Sharon

  25. #25 Sharon Astyk
    January 28, 2010

    Re:sky falling, I don’t think that I’d quite frame it that way, because I don’t think that things that have been unsustainable ceasing to be sustained is really the sky falling – it is just inevitable. If you try and run your car on fumes long enough, you’ll run out of gas sooner or later. If you piss in your own stream long enough, eventually it won’t be good to drink out of. These are not “sky is falling” scenarios but simple material inevitabilities.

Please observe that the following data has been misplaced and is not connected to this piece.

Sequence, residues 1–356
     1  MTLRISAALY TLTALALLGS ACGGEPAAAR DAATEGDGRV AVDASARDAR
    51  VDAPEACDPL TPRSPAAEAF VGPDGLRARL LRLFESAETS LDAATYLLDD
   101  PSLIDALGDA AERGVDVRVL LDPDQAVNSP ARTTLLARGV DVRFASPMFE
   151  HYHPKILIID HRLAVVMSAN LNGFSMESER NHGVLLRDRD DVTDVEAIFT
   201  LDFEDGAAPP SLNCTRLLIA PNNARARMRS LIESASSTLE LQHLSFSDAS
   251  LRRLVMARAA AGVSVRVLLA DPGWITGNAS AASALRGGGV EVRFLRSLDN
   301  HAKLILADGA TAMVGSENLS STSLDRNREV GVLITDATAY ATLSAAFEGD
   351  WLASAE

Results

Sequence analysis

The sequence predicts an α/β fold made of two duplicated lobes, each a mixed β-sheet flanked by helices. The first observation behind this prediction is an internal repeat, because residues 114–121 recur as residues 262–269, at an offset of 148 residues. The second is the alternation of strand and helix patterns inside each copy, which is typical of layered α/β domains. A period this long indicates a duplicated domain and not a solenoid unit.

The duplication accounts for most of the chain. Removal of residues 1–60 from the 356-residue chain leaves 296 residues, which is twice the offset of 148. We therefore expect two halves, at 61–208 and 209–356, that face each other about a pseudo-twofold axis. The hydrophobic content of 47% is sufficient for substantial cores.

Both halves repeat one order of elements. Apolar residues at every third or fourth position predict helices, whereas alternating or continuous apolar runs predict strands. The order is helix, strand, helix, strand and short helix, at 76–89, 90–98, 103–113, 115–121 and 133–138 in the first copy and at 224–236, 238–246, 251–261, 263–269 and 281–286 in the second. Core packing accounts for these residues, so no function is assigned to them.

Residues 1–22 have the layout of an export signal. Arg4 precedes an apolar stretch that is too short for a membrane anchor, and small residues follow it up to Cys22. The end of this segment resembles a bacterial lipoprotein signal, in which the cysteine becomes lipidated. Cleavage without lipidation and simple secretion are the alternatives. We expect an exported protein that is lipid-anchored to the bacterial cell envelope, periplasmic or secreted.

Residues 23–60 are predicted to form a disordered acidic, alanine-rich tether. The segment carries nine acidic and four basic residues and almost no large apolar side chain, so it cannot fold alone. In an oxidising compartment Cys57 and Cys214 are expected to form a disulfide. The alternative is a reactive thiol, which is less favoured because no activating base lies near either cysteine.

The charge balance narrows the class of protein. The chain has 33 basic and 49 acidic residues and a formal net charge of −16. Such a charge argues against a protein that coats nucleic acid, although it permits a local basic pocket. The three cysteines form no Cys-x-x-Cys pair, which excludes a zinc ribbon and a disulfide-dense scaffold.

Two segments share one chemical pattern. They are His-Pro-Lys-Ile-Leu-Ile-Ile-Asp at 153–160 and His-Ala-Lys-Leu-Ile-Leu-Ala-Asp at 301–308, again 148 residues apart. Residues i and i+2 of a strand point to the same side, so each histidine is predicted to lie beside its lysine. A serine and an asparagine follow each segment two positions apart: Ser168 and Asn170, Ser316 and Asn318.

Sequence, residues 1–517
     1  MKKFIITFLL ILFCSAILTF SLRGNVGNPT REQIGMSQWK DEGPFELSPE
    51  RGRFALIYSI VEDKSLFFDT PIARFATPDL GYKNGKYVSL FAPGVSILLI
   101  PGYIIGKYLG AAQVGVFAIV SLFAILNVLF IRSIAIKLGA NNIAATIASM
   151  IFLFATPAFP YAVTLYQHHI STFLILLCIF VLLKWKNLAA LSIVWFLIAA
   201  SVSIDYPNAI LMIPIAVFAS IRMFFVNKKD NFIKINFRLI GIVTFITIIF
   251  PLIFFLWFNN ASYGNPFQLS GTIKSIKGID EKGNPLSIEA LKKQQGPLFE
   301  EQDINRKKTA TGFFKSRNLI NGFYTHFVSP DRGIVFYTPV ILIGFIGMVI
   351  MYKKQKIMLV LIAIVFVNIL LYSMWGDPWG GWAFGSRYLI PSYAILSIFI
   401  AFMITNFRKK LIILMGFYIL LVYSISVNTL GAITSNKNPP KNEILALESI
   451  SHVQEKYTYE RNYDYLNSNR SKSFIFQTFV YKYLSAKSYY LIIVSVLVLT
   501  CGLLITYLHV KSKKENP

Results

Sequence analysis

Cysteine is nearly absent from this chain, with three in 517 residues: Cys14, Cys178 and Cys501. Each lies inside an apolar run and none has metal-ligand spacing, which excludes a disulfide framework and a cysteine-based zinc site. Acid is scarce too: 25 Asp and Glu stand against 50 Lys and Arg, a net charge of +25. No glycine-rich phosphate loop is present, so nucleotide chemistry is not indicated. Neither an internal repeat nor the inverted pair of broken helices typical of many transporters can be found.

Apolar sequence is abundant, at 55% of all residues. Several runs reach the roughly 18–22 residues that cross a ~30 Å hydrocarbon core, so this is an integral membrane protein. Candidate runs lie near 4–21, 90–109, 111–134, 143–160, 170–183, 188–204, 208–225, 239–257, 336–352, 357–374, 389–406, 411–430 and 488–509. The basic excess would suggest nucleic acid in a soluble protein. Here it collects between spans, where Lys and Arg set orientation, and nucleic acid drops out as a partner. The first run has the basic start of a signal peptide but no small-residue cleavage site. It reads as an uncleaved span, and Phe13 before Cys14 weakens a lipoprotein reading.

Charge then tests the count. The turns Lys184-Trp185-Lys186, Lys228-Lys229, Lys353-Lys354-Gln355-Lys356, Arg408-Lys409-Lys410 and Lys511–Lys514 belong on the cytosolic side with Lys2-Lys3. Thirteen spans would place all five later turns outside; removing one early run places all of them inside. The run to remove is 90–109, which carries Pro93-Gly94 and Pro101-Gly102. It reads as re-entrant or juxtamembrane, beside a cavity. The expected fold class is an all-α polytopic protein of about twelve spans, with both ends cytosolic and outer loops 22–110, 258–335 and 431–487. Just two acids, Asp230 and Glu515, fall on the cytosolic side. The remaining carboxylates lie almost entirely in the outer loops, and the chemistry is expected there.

As for the question of how things will work out and whether they will be bad or worse or less bad – think about your own grandparents and great-grandparents (or parents depending on your age). Most of them lived through a number of things that looked like the sky falling. Extended depressions. Wars. Bombs falling. Pogroms and other racial conflicts. Famines. My own grandparents and my husbands between them saw the Nazis – lost chunks of their families and were made refugees. They lived through hunger and an extended economic crisis of more than a decade. The blitz. Epidemics. Hunger and shortages. This wasn’t the apocalypse, it was just what happened in the course of a life – and these were normal events in the course of almost all long human lives for most of human history. Only since the Depression generation in the US, and since the rebuilding post WWII in Europe have whole generations of people grown through middle and old age without anything really, really bad happening to them. What makes anyone think that these magical 60-80 years will continue infinitely? Particularly when much of our prosperity and stability depended so deeply on precisely the resources that are most in danger of depletion and which we can least afford to burn. There simply is no compelling case to be made that I’ve ever heard that we could have had the deep prosperity of the last few decades without fossil fuels.